We’re told that Scott Peters has all the iconic Start-Up Guy traits. He’s as obsessive an engineer as Elon Musk, as aggressive a salesman as Travis Kalanick and as exacting a visionary as — cue beam of golden light — Steve Jobs. What sets Peters apart is that you’ve never heard of him, perhaps because of the size of his dream. It’s approximately 8 inches by 3.5 inches by 2.3 inches. Peters, you see, wants to disrupt bricks.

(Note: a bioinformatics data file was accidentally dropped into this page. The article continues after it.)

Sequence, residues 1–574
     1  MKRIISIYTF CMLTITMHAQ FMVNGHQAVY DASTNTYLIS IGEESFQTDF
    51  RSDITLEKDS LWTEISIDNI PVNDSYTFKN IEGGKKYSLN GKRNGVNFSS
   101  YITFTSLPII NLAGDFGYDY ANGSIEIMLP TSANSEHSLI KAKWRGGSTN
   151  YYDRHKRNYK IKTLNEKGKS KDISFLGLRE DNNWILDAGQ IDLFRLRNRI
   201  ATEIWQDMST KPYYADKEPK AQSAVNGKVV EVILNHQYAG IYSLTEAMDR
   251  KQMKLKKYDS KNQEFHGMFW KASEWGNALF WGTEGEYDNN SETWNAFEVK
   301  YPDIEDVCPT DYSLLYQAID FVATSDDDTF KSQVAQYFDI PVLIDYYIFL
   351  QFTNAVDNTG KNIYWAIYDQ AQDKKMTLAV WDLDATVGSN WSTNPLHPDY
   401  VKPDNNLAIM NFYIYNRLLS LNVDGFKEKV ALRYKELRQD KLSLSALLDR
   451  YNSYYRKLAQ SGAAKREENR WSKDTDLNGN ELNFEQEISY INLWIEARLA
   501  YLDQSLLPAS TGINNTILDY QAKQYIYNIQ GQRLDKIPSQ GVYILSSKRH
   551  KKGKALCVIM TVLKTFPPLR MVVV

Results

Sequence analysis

More precisely, he’d like to perfect and sell an automated bricklaying robot, but even this is misleadingly grand. His creation, SAM, for “semi-automated mason,” requires several human masons to feed it bricks at one end and clean its large diaper pail of mortar excretions at the other. The original idea for SAM belongs to Peters’s architect father-in-law, and so does the majority stake in their upstate New York company, Construction Robotics. What Peters owns are the nightmares from a decade invested in a machine that has no clear market and looks less like the future than a souped-up hot dog cart. “Forget about it,” a construction veteran says after watching SAM belch, squeak and stall under pressure. “It’s not going to work.”When grand vision meets repeated humiliation we usually get tragedy or comedy. But “SAM” is not sad, or funny ha-ha. It is peculiar, though. In a prologue, Jonathan Waldman reveals that his father wrote a dictionary of robotics and that he had a youthful passion for the subject. With cinematic hauteur, Waldman then pans “400 miles north,” to a boy growing up at roughly the same time who was also fascinated by robots. “This boy, though, was the descendant of some very inventive and courageous and stubborn men, and he had bricks in his blood.” The shared passion, the heroic ancestry, a portentously unnamed boy, and that killer cliché to the skull, are not just misplaced flourishes. They’re the beginning of some major tonal weirdness. Waldman seems determined to write an epic entrepreneurship tale — and it blinds him to the reality of poor SAM, while rendering Scott Peters nearly mute.“SAM” covers 10 years in two parts. The first is largely set in a rundown facility just south of Rochester, N.Y., where a handful of ex-G.M. and Kodak engineers make halting progress on a prototype. The key metric is bricks per day, and initially the Construction Robotics team struggles to coax SAM to lay 108. Even the laziest human mason can do six times that. SAM’s robot arm is a diva, but mortar is the bigger concern. The viscosity of “mud,” as the trade calls it, changes all the time, and masons must rely on their instinct and experience to sling it effectively. SAM has neither. Infusing a robot with nuance is a challenge worthy of the engineers’ skills, but Waldman can’t resist invoking higher stakes. “A lot hung in the balance — not just for Scott but for America. Brickworks, having endured decades of decline, was disappearing. Who cared about bricks? Nobody. And everybody.”It’s at this point that readers who count themselves in the “nobody” category should pause. Because Waldman isn’t satisfied just enlarging SAM’s importance. He wants to change how we feel about bricks. There’s a scenic tour through brick history (“Bad brickwork, of course, is relative. In ancient Babylon…”), with stops along the way for century-old trade disputes (“If it was made of gypsum, it was for plasterers. If it was made of cement, it was for bricklayers”) and some brick-based attempts at seduction that go about as well as you’d expect. “Plop a New Yorker in Kathmandu and the Nepalese bricks cast a spell over the foreigner, suggesting he’s not so far from the Big Apple. Clay resonates.” Thlunk.The relevant facts in these digressions point to a brick apocalypse that dates back as far as 1895. Only 4 cents of every construction dollar still goes to masonry, and the 150,000 remaining masons (average age 55) aren’t eager to semi-automate themselves into obsolescence. These problems haunt Scott Peters when he takes his machine to market in “SAM”’s second half. Demand is limited, even as a rental, and the masons who don’t try to sabotage their future robot overlord are at best uninterested in assisting much with its operating needs.It doesn’t help that SAM is kind of terrible. Inspired by Eric Ries’s popular book “The Lean Startup,” which advises software engineers to release a minimum viable product followed by rapid cycles of iteration, Peters thrusts SAM — an unmistakable hunk of hardware — into the harrowing chaos of live construction sites knowing it’s likely to disappoint. Even Waldman calls this decision “somewhere between ridiculous and insane.” What follows is numbing, if not surprising. SAM is plopped onto site after site and breaks down thanks to a combination of buggy software, spotty Wi-Fi, robot arm arthritis, rickety scaffolding and bad weather. Peters begs the client for mercy. Repeat.The engineers gradually zap SAM’s bugs and boost its bricks-per-day output well past the 1,000 mark, but the monotony of chapters devoted to each gig (Laramie: “From the start, the job had bad juju”) exposes the book’s most inexplicable flaw — the chasm between what Waldman reveals and what he withholds. He’s long on engineering detail and indiscriminate heaps of Scott Peters’s bio. A two-page section has sentences that begin “In fifth grade,” “In sixth grade,” “In seventh grade,” “In ninth grade,” and, for variation, “In 10th and 11th grade. …” Three pages are devoted to one of Peters’s swim coaches.What’s missing is Peters’s voice. He’s quoted once — for nine words — in Waldman’s chapter-length dive into Peters’s formative years. Occasionally Peters offers something bland like “We gotta fix this,” but we almost never hear him discussing important strategic choices or his feelings about the miserable process of innovation. When the prose heads in a direction where a quote feels inescapable, Waldman often resorts to formulations such as “He wanted to say…” or “though Scott didn’t put it in these words…” before zipping off on a lengthy authorial paraphrase. The scarcity of the protagonist’s voice is so bizarre that it becomes a distraction. Did author and subject have an arrangement restricting quotes? Was Waldman not present for many of the events he recounts? Is Scott Peters … a robot?If Peters’s absence is mystifying, the lack of key financial facts in a book about entrepreneurship is unforgivable. Only in an epilogue do we learn that SAM retails for $500,000, that Construction Robotics would need six sales a year to break even, and that six-figure checks from Peters’s father-in-law are all that’s keeping the company solvent. Then, as a throwaway, it’s revealed that none of this matters. SAM has been supplanted by MULE, a “material unit life enhancer,” and within months of its arrival Construction Robotics has moved an impressive 75 MULEs at $73,000 a pop. And what does a “material unit life enhancer” do? It lays blocks.